Today was the pass out parade for Gurkha Company Recruit Intake 2016 and it was held at the Infantry Training Centre in Catterick, North Yorkshire.
This event marked the end of a 9 month training cycle for 240 young soldiers.
The young Gurkhas will now be assigned to various units within the British Army:
- The Royal Gurkha Rifles
- The Queen’s Gurkha Engineers
- Queen’s Gurkha Signals
- The Queen’s Own Gurkha Logistic Regiment
- The Gurkha Staff and Personnel Support
- The Band of the Brigade of Gurkhas
The Gurkha Company Mission
To deliver trained Gurkha soldiers in order to meet the operational requirements of the Brigade of Gurkhas. Gurkha Company currently has 71 permanent staff. It is responsible for delivering the 39 week long combat Infantryman’s Course (Gurkha). All Gurkhas serving in the British Army are trained by the Gurkha Company to become infantrymen first. This provides the Brigade with an agile edge.
The inspecting officer was Lieutenant General J I Bashall CBE, Commander Home Command and Standing Joint Commander (UK). He thanked all the families and friends who made the journey to be at this special occasion; many of whom had travelled long distances to be there.
General Bashall said; “I took the salute at the attestation parade on 2nd January 2016 in Nepal. Now 9 months on, the journey that has taken you from Pokhara as selected Trainee Riflemen to Catterick as Trained Soldiers has been realised. It is a proud moment for you all and something I feel privileged to be a part of. The next phase of your career as a soldier in the British Army is ahead of you and is your chance to put all you have worked for and learnt into reality.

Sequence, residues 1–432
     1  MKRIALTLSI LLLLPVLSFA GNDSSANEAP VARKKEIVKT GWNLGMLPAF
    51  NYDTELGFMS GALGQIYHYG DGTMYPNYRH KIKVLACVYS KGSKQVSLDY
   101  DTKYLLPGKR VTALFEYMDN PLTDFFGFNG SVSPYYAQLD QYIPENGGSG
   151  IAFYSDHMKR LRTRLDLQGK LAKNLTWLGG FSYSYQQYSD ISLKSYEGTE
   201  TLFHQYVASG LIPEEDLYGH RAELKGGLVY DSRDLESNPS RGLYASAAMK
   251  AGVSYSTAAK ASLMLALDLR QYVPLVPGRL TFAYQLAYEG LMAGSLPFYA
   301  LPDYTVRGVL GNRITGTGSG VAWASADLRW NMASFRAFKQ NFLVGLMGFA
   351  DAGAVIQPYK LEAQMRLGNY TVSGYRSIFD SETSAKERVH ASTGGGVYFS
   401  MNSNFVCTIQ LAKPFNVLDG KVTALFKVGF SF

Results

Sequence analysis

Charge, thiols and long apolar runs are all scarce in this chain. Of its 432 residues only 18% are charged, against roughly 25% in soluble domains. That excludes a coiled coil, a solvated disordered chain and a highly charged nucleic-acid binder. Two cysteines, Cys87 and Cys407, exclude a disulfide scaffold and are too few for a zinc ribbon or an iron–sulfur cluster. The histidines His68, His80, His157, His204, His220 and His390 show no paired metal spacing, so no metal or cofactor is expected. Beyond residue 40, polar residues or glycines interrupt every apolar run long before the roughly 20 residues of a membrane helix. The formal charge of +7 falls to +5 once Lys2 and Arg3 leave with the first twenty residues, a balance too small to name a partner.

Many of you have already battled through adversity in light of last year’s earthquakes which are still very fresh in everyone’s minds. I know many of you will have been personally affected by this tragedy. Your on going support to your families back home has been unwavering and I know you have participated in events such as the Great North Run to help raise money to rebuild the lives of those communities affected.
Put your heads down and continue to soldier to the best of your ability. Master the basics, bring honour to your family and regiment and never forget where you come from. We, the British Army and the wider British public, owe you and your country a debt of gratitude.
I am honoured to be here today to mark the start of your journey as trained Gurkha soldiers. Well done and many congratulations.”